Add Papers Marked0
Paper checked off!

Marked works


Viewed works

Shopping Cart0
Paper added to shopping cart!

Shopping Cart

Register Now

internet library library
3,99 € Add to cart
Add to Wish List
Want cheaper?
ID number:115111
Published: 25.05.2009.
Language: English
Level: College/University
Literature: 11 units
References: Not used

English Words of Dutch Origin

1.‘A spokesman for the Police Department took questions yesterday about the revived decoy operations, but did not provide any answers.’
(Dwyer, Jim. “Dragnet That Ensnares Good Samaritans, Too.” New York Times 28 Nov. 2007)

Decoy - 1618, most likely from Dutch kooi ‘cage’, used of a pond surrounded by nets, into which wildfowl were lured for capture. The first element is possibly the Dutch definite article de, mistaken in English as part of the word.

2.‘When the company, which she owns with her husband, Tom, began chartering small ships for all-nude cruises in the early 90s, she said many mainstream cruise operators dismissed them as a joke.’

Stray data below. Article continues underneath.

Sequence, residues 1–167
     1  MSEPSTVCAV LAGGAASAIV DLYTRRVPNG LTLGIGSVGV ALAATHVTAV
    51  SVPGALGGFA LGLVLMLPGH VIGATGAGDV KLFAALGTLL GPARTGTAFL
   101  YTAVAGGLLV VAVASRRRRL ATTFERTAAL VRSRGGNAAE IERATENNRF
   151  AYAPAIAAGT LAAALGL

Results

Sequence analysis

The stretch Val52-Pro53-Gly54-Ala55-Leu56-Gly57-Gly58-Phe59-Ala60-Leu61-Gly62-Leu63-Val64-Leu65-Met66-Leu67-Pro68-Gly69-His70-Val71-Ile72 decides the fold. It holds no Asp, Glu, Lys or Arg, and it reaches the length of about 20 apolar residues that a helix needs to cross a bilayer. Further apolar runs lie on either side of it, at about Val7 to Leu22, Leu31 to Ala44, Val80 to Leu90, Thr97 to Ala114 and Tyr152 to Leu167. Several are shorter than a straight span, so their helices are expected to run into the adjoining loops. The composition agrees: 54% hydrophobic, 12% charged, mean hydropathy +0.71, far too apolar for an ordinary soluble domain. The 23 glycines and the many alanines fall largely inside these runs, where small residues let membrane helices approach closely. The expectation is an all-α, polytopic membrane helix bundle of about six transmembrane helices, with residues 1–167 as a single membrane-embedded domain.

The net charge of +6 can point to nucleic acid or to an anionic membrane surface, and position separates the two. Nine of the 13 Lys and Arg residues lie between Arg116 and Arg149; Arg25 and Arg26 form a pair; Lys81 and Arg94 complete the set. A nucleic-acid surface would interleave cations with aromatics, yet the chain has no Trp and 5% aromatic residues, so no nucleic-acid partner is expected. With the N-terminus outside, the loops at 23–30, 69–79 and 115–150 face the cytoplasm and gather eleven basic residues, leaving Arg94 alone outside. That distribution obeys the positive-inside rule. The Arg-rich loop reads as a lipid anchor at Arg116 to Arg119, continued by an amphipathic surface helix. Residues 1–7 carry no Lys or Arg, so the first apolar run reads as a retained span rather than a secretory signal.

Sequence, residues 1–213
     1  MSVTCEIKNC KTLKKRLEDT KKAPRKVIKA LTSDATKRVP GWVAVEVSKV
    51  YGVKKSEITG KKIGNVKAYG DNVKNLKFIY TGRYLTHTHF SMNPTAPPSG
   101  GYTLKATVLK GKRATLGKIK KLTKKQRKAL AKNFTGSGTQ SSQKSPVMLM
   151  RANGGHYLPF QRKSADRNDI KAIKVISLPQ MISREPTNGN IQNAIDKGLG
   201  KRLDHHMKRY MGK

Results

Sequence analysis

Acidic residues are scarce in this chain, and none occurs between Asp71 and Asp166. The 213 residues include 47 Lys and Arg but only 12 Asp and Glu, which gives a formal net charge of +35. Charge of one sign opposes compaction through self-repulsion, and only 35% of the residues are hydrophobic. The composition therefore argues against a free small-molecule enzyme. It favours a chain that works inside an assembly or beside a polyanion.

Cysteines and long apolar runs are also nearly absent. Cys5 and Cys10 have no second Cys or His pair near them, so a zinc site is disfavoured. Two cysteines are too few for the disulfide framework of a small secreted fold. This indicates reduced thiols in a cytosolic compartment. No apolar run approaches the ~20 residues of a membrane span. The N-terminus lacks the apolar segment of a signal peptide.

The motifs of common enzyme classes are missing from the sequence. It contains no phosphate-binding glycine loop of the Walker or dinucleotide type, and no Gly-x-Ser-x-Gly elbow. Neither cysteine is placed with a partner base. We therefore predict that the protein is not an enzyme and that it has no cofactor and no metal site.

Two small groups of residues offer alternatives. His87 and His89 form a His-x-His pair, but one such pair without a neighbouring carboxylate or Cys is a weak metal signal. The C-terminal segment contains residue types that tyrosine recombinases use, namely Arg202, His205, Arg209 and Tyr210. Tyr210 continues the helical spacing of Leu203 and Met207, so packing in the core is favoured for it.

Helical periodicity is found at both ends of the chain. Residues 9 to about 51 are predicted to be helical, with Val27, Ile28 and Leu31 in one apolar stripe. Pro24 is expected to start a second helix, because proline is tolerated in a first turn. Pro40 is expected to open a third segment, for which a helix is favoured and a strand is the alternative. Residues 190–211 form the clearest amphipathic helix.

(Higgins, Michelle. “No Shoes, No shirt, No worries.” New York Times 27 Apr. 2008)

Cruise - 1651, from Dutch kruisen ‘to cross, sail to and from’, from kruis ‘cross’, from Latin crux. …

Author's comment
Load more similar papers


Choose Authorization Method

Email & Password

Email & Password

Wrong e-mail adress or password!
Log In

Forgot your password?


Not registered yet?

Register and redeem free papers!

To receive free papers from it is necessary to register. It's quick and will only take a few seconds.

If you have already registered, simply to access the free content.

Cancel Register